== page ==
Is it moral to ogle anyone, male or female? Or objectify them?* We objectify people all the time. I use my husband’s stomach as a pillow, I get him to rub my back when I have a sore muscle. Without getting into too many particulars, I will say that I strongly believe it is perfectly consistent with a loving relationship to have moments of objectification during a healthy sex life. I think it’s even okay to use people merely as a means. When I call UPS to arrange a package pickup, I am using the UPS guy merely as a means. I don’t consider him at all as an end in himself. But of course it is sometimes, perhaps most of the time, wrong to use someone merely as a means. It is wrong to drug a woman to have sex with her, even if she never finds out, isn’t injured, doesn’t get pregnant, doesn’t get an STD. And it is wrong because she is being used merely as a means.
Objectifying is wrong, when it is wrong, due to the context in which it arises. In the context of a loving relationship, or a legitimate business transaction, fine. If it occurs without consent and/or respect, and if it co-occurs with injury, not so fine.
As such, I don’t think anything is wrong necessarily with ogling people on a screen or in a magazine. I think it would depend on the inferred attitude of the photographer/director, the circumstances under which the person is displaying him or herself (is she freely choosing or is she reduced to posing because she has a drub habit that she feels compelled to support?), and the attitude of the viewer (contemptuous, dismissive, violent, cheerful, sweetly longing).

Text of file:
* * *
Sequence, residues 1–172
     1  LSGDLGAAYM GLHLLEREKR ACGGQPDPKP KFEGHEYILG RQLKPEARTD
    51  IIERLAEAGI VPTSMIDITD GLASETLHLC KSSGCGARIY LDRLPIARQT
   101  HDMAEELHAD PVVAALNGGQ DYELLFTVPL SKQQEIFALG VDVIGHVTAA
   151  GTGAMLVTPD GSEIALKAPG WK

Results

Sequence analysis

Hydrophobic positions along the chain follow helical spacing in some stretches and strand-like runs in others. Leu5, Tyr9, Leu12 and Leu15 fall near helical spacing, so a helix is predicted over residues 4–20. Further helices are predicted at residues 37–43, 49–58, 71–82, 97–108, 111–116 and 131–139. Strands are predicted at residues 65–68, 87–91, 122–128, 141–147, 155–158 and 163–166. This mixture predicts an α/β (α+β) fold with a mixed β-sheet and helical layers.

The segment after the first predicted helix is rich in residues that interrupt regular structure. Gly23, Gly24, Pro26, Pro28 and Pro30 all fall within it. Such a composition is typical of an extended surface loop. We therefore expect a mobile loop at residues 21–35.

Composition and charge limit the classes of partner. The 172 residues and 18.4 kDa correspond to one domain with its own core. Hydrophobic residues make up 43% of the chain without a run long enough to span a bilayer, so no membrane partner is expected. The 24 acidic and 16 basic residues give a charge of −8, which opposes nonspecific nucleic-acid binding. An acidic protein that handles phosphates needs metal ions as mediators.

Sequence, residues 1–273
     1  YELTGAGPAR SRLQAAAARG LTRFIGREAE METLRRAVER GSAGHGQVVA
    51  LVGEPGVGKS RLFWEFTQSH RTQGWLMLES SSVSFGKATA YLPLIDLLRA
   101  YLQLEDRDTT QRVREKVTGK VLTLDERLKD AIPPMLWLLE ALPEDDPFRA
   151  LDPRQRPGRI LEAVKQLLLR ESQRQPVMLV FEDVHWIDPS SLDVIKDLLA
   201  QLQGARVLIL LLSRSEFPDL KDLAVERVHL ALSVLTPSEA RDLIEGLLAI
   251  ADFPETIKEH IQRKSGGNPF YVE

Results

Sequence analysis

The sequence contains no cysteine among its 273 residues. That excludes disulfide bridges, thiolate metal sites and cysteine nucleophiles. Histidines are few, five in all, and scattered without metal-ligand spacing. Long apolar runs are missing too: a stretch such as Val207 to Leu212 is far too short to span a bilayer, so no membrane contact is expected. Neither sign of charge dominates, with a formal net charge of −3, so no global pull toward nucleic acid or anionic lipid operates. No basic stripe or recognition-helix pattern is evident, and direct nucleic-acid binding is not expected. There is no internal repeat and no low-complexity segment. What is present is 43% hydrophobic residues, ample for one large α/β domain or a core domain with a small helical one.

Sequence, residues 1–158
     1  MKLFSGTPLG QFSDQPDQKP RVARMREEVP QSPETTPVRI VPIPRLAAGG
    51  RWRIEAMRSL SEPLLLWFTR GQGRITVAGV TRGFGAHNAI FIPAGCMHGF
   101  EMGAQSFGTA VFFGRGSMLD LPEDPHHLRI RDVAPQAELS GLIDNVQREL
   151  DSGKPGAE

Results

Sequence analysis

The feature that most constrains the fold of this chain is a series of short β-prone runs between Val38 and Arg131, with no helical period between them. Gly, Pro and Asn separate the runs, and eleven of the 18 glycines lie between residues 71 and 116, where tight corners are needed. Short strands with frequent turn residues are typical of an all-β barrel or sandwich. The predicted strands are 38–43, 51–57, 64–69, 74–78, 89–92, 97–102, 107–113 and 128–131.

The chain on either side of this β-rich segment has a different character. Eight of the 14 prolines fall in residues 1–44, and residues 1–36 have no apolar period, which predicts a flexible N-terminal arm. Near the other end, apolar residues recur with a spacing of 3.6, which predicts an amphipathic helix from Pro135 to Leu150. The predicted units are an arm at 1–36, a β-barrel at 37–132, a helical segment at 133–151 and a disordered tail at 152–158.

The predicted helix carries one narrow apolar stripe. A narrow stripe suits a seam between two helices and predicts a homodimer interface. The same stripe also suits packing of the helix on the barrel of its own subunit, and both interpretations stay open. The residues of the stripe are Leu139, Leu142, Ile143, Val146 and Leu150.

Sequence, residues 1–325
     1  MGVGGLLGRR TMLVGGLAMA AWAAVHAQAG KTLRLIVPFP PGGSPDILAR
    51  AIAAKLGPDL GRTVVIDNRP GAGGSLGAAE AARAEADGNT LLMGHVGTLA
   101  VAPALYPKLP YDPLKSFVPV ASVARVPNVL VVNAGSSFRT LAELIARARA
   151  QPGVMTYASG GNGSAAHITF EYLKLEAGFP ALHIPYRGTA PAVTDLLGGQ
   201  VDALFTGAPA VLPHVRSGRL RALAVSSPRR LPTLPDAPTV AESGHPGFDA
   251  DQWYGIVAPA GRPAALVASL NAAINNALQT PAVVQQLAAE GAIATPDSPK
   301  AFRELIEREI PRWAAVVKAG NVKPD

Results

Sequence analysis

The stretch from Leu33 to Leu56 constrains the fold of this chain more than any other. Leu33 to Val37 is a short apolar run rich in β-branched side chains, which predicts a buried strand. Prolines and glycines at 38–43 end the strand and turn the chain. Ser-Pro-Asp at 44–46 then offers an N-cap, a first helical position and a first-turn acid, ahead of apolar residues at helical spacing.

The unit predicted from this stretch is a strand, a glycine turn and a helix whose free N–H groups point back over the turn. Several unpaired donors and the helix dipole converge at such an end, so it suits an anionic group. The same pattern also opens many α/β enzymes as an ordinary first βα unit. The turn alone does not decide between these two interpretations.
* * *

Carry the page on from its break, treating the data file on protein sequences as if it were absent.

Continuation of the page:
There is a difference between ogling men and women because the stakes are higher for women. Women are more valued for their looks. It seems likely that a greater-than-ever degree of insecurity about looks afflicts women at least in part due to the ever-increasing frequency with which we view images of impossibly hot women. Our objection to valuing women for looks seems to be that it looks are morally arbitrary. When we value women for looks we value them for something over which they have no control. They have some control over it, of course. But women shouldn’t be forced to spend time on cultivating what looks they have in order to be valued. I’ve written before about valuing morally arbitrary traits, and I do think we are somewhat inconsistent about it. Forgive me for quoting myself, but I already wrote about this briefly in our inequality forum:
Someone can take significant measures to make himself more attractive, but he has inherited certain facial features, tendencies to obesity and acne, etc. To paraphrase Cathleen Schine, no one deserves to have been born with strawberry blond hair and no one deserves not to have been born with strawberry blond hair. The fact remains that some people are born with strawberry blond hair, and others are not. And those with strawberry blond hair get more rewards.
Even if you are suspicious, as I am, that there are innate differences in sheer abilities, one’s motivation or interest in developing a talent is probably partially inherited. So is temperament, which may affect someone’s ability to persevere with the development of a talent. A person is also not morally responsible for her early childhood education nor early opportunities to practice a talent. Some parents encourage diligence while others do not. So, some significant part of our talents are the result of luck.